On Monday, Feb. 13, the Office of Women’s Development along with Residence Life hosted a timely discussion about sex and dating, an annual event called Sex and Chocolate.

For an hour and a half, a selected panel answered questions submitted by an audience of over 100 students, male and female. The panel consisted of seven guests, varying in relationship status, age, gender and ethnicity.

The submitted questions revolved around topics like dating apps, struggles with pornography, physical and emotional boundaries and embarrassing dating stories.

One student asked “If God made us sexual beings, how do we carry out our sexuality without crossing the line?”

This question seemed to stump the panel.

APU Alumni and local pastor at Fellowship Monrovia Michael Fields admitted he had never thought of that question and initially struggled with a response.

“Being a sexual being and expressing yourself sexually…there’s a real tension there,” Fields said, sitting next to his wife of over six years. “It’s profound, but it’s a tension that needs to be maintained.”

Although there were questions that made the panel take a communal pause, Fields is grateful for the honesty and is supportive of his alma mater for hosting events such as this.

“The spirit of this conversation makes me proud…we need to practice having more of these conversations,” Fields said.

Sex and Chocolate is a returning event and has been hosted by the Office of Women’s Development for over five years.

Madeline Ho, the Program Coordinator of the Office of Women’s Development, found that the student body has reacted positively to this discussion over the years.

“This year was our biggest turn out,” Ho said.

Over the years, the panels have changed but the traditions remain the same: be vulnerable and come ready to learn. Ho believes the success of this event is due to a desire from the student body to keep having conversations like the ones held at Sex and Chocolate.

“These conversations don’t need to be in secret; we want students to know someone can help you,” Ho said.

Questions sent in by students were read anonymously and were not censored by the mediators of the conversation.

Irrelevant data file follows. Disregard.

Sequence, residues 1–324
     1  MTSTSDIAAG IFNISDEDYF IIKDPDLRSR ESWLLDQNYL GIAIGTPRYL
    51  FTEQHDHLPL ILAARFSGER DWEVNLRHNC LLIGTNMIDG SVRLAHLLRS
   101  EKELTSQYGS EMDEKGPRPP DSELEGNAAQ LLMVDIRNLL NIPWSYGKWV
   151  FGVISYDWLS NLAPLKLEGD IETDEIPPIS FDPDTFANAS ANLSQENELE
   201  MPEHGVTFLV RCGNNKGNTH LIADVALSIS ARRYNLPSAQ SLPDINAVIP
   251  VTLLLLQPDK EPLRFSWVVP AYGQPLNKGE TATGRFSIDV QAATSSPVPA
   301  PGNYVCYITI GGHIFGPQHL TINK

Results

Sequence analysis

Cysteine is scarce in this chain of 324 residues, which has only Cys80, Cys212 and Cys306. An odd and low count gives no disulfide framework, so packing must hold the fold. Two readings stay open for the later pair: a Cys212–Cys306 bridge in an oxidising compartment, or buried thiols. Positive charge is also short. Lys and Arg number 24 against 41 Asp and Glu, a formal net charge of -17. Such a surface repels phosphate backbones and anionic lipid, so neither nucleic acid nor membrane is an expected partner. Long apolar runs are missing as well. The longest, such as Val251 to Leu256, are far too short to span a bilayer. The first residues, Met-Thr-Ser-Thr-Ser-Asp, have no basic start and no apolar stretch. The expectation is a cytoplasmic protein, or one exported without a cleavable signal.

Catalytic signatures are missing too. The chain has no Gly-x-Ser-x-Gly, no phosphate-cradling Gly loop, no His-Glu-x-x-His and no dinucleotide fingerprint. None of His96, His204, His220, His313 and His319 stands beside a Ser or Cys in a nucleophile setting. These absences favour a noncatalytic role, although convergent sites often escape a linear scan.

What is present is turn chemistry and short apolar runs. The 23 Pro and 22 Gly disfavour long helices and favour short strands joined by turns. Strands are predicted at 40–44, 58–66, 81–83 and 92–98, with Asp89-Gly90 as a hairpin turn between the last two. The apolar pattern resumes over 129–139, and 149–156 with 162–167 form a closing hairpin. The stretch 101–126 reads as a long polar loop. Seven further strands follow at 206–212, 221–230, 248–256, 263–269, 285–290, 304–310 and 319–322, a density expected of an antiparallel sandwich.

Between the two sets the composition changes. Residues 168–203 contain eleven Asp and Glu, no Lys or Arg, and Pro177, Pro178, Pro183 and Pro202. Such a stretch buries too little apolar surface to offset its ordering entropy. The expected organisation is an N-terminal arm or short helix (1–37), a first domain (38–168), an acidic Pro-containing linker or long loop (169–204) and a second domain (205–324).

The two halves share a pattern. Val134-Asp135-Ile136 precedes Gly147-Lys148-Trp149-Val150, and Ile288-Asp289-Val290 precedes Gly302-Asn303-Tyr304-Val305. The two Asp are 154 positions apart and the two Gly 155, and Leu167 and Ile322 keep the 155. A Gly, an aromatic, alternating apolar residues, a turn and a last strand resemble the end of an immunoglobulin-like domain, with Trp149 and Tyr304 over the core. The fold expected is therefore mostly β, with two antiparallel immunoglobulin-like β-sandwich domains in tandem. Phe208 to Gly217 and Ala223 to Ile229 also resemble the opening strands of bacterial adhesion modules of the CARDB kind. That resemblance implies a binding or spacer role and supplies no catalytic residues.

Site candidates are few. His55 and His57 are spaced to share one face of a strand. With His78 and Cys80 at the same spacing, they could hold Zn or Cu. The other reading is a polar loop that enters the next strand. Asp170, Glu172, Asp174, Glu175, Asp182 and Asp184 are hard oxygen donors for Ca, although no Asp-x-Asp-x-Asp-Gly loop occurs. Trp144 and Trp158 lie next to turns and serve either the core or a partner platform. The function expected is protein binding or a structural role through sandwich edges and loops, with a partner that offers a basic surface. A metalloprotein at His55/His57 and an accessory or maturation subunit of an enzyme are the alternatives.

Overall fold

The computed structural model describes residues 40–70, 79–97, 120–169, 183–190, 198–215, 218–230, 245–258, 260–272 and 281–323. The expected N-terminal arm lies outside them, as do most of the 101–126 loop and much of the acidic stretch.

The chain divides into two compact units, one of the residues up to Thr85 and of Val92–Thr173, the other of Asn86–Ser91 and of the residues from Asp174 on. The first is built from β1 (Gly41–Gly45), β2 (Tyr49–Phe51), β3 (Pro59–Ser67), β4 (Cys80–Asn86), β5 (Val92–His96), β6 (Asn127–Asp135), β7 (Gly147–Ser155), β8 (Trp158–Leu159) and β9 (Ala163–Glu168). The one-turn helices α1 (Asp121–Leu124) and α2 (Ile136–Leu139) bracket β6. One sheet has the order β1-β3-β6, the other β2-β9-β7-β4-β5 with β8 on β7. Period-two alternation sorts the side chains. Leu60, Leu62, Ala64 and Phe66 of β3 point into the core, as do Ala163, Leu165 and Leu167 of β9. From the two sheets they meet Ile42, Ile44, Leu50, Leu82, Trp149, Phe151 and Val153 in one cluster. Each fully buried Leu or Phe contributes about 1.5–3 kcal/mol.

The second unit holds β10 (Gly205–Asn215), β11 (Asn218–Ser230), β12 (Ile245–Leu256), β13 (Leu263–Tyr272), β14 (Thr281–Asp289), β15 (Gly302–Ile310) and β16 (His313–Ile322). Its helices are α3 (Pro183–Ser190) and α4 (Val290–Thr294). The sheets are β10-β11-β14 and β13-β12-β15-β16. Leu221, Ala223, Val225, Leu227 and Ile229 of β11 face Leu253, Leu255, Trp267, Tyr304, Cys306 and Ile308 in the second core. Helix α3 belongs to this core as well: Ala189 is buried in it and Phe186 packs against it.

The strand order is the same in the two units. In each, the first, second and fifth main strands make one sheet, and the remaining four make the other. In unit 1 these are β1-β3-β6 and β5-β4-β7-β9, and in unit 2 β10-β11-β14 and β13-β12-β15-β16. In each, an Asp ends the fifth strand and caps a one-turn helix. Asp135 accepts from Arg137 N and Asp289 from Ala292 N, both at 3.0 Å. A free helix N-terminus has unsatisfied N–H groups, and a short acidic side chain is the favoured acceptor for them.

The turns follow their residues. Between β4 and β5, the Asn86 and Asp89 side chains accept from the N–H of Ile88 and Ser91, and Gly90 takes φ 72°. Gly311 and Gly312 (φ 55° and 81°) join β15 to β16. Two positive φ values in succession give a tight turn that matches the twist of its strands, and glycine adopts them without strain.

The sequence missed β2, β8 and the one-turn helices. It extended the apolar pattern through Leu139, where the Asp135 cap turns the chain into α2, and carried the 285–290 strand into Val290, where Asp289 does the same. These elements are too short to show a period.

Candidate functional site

Lamar Saffold, a junior psychology major, heard about this event through conversations on campus and went for the first time to learn more about love and dating.

“I want to find out how I can better love my future wife and respect her,” Saffold said.

This was his first time at the event and was encouraged by the type of questions being asked. “It’s important to talk about these things and not feel ashamed,” Saffold said.

Lacey Litzinger, a senior social work major and Resident Advisor, encouraged her residents to come to this event.

“I went freshman year and I wanted to come back and bring my residents and have the space to have this conversation,” Litzinger said.

Litzinger reflected on past events and recalled that many of the questions have remained the same over the years, but there was one new topic they discussed this year that took her by surprise: online dating apps.

“Online dating shouldn’t be shamed,” Litzinger said.

The majority of the panel responded positively to the question regarding online dating. One member on the panel, Rhianna Pierre, a Resident Director at APU, encourages her friends to use dating apps, agreeing with the statement to be safe and smart when online.

Megan Watkins, a senior psychology major, has come to Sex and Chocolate for three years running.

“I always learn and hear different perspectives,” Watkins said. “I wanted to hear more about these questions.”

The Office of Women’s Development and Residence Life kept their promise that there would be chocolate and students ended the night circled around a chocolate fondue fountain.